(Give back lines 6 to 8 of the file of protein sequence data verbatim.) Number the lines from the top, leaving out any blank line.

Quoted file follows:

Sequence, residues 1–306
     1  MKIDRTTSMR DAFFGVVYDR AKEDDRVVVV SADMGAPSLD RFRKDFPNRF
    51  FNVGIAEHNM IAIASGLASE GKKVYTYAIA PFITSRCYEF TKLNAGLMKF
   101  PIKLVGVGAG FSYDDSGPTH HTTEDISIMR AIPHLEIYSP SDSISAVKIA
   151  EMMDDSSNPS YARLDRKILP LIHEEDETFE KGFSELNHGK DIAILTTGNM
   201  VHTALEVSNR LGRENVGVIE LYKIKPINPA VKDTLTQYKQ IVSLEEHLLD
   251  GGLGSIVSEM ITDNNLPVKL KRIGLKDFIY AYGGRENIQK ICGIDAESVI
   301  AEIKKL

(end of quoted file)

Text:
   201  VHTALEVSNR LGRENVGVIE LYKIKPINPA VKDTLTQYKQ IVSLEEHLLD
   251  GGLGSIVSEM ITDNNLPVKL KRIGLKDFIY AYGGRENIQK ICGIDAESVI
   301  AEIKKL